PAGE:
The nest eggs of high net worth Baby Boomers got clobbered during the financial crisis. Between 2007 and 2008, their investable assets plummeted by 22 percent, to $5.3 trillion, according to recent research by the Corporate Executive Board. Something else is missing, too, the board says; a sense of urgency among boomers about preparing for retirement in light of the collapse.
“We expected to see a lot of pessimism, and we didn’t see that,” says Wallace Blankenbaker, senior director at the board. Despite the sizable hit that they took, most boomers in the survey indicated they haven’t changed their plans or outlooks on retirement, Blankenbaker says. Fifty-one percent, for example, said they hadn’t reduced spending over the 18 months following the financial crash. “If you just do the math on how much they’ve lost in their portfolios and the fact that they haven’t cut back, coupled with the fact that many already were behind, the numbers don’t add up,” he says.
The first wave of Baby Boomers, 78 million Americans born between 1946 and 1964, began turning 62 beginning in 2008, the U.S. Government Accountability Office said. The disconnect between their perceptions and the realities of retirement stem from a lack of understanding, Blankenbaker and some financial advisors say. “I have some clients who are conservative and get it. But for the most part, the vast majority of the people I deal with really don’t understand,” says Allan Flader, a chartered retirement planning counselor at Flader Wealth Consulting Group in Phoenix, Ariz., affiliated with RBC Wealth Management. “Some clients are just downright delusional about what they think they have and what they think they need.”
“When I run the projections, it will come down to, ‘You need to spend less,’” Flader continues, rehearsing the kind of response he expects. “‘Well, Allan, I don’t want to spend less.’ ‘Well, then you might need to sell your house in California.’ ‘Allan, the house in California has been with us for 20 years.’ ‘Then you’re going to run out of money.’ Those are very difficult conversations. I always say, ‘My role is to advise you, to be honest and objective and to tell you what I see. The choices about how we handle this are up to you.’ The problem is, they can leave my office and go to another advisor. And the other advisor is going to say, ‘Oh, no problem. This is fine.’ You can make the numbers look any way you want to.”
Some boomers may need to work at least a few years into their retirement. But that doesn’t mean the economy will cooperate. Meanwhile, retirees should count on diminished returns on their investment portfolios. Bruno Fellin, portfolio manager at GM Advisory Group in Port Washington, N.Y., said the stock market is likely to see sharp increases and decreases in coming years but should remain flat overall. What’s more, taxes, particularly at the state and local level, are likely to go higher.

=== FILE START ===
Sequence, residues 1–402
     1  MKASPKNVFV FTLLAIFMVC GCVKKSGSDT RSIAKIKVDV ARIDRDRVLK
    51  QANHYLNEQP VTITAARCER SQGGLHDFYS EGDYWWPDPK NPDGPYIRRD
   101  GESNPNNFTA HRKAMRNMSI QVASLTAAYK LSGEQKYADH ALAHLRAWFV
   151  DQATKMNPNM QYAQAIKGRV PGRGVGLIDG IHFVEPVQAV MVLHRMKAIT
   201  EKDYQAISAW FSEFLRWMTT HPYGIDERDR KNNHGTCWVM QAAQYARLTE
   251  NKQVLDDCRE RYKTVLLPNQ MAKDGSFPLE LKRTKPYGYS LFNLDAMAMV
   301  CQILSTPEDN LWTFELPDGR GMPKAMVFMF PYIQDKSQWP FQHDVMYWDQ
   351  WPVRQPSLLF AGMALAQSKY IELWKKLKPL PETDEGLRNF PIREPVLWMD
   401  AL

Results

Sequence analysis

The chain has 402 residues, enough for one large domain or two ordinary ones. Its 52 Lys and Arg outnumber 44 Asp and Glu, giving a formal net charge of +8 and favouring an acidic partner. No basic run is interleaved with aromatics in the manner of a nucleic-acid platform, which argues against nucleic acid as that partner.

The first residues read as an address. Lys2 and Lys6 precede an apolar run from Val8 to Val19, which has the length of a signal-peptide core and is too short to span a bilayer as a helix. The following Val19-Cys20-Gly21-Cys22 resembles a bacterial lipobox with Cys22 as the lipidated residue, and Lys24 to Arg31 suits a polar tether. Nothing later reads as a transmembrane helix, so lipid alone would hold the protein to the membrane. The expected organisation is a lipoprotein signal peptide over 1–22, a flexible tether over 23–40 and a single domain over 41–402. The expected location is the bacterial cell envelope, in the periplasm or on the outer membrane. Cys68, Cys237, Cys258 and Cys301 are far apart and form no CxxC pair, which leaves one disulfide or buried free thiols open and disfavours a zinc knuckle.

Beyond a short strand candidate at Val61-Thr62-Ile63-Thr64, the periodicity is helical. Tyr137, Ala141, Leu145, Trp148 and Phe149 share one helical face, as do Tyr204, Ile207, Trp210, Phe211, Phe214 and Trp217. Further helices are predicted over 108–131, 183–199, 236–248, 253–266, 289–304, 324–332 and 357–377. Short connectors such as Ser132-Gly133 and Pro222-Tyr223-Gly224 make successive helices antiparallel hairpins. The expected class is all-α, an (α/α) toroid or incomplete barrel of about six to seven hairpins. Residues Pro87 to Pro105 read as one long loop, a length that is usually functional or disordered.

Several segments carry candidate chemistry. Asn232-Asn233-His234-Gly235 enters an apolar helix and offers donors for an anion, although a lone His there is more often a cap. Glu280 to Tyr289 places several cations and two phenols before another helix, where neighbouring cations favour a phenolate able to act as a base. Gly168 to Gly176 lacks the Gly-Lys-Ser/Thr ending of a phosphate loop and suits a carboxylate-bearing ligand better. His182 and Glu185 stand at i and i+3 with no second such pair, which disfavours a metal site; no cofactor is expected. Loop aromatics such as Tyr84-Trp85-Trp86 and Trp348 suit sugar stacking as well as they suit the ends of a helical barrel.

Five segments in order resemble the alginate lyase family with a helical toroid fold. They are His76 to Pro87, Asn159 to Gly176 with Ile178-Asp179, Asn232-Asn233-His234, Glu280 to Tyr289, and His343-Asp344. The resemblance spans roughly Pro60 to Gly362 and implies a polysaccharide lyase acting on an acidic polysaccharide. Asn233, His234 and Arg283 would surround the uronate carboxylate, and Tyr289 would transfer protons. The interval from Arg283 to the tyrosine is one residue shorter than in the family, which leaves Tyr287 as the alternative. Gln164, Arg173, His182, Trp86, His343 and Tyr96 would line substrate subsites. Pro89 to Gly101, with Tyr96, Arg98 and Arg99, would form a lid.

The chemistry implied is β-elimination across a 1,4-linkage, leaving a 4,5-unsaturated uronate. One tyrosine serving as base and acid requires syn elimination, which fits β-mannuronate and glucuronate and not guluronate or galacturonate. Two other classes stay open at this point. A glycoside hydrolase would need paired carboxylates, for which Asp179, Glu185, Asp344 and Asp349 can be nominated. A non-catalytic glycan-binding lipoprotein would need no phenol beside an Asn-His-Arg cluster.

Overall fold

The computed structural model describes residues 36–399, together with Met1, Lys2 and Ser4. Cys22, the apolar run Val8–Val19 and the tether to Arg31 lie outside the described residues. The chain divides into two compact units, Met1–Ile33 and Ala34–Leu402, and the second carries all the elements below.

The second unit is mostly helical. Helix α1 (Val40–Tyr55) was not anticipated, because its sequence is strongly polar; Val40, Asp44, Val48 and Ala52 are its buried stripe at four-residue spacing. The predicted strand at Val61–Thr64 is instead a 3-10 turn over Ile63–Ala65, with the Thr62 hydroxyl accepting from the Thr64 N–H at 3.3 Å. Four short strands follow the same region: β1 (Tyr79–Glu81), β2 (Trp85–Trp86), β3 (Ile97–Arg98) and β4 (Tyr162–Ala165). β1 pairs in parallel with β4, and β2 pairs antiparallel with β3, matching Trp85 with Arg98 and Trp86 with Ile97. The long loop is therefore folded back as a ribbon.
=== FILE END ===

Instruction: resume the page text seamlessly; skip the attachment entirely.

“Our recommendation is always to save more,” Fellin says. After meeting with clients, “they’re pretty much on board with the fact that we have to plan accordingly for a market that is indeed more range bound. And there are certain headwinds. …You cannot escape increased taxation by saying, ‘I am earning less, therefore I will be paying less.’ A lot of our clients are more sophisticated and are aware of the realities that are out there.”
Advisors who are willing to offer retirement-bound boomer clients a deeper relationship can reap rewards, the Corporate Executive Board report says. There are five key characteristics to financial planning—maintaining an up-to-date plan, customizing it to meet a client’s long-term goals; balancing return with the client’s risk tolerance; a design that generates predictable retirement income; and having a plan that was produced by a financial advisor, as opposed to someone else such as an accountant, attorney, or family member. Most boomers in the survey reported having at least one of these characteristics in their financial plans, but only 38 percent had all five, the report says. Clients of advisors who offered all five of these things in their planning increased their asset levels at a greater pace than clients of advisors who did superficial or no planning, the report states. The clients of advisors who provided in-depth planning also tended to report better relationships with their advisors—feeling that advisors understood their situations, for example, or had their best interests at heart—which, in turn, led them to invest more with the advisor.
Despite the losses resulting from the collapse, the current market affords “a huge opportunity to help advisors play a role that wasn’t really there before,” Blankenbaker says. “The markets were going up. The portfolios were doing well. They didn’t necessarily need a lot of guidance in that environment. But now, they clearly do need it.”
Flader agrees with the report’s findings. “If a client feels comfortable that you are their go-to guy and you understand what they’re trying to accomplish, that’s going to build trust. They’re not going to need second opinions. They’re going to go to you for everything,” he says.